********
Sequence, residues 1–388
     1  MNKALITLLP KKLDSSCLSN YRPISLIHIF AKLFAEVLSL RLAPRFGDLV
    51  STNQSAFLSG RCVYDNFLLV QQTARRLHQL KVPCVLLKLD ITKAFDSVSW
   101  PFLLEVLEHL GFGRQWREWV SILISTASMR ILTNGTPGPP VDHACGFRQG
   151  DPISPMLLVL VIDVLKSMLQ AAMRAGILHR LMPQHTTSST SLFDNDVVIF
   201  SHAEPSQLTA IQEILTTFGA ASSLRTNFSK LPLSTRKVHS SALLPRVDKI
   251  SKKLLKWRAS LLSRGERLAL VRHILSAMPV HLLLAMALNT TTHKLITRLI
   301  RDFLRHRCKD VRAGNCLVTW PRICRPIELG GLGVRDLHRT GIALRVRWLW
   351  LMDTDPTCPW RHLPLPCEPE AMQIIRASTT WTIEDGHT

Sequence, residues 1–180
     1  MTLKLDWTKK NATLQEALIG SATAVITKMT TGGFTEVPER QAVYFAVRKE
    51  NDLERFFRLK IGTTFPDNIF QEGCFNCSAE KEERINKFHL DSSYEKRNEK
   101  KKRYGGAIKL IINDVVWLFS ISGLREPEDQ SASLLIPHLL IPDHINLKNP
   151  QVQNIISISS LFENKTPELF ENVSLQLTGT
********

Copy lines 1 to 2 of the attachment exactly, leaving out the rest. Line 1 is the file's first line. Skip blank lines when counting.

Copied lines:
Sequence, residues 1–388
     1  MNKALITLLP KKLDSSCLSN YRPISLIHIF AKLFAEVLSL RLAPRFGDLV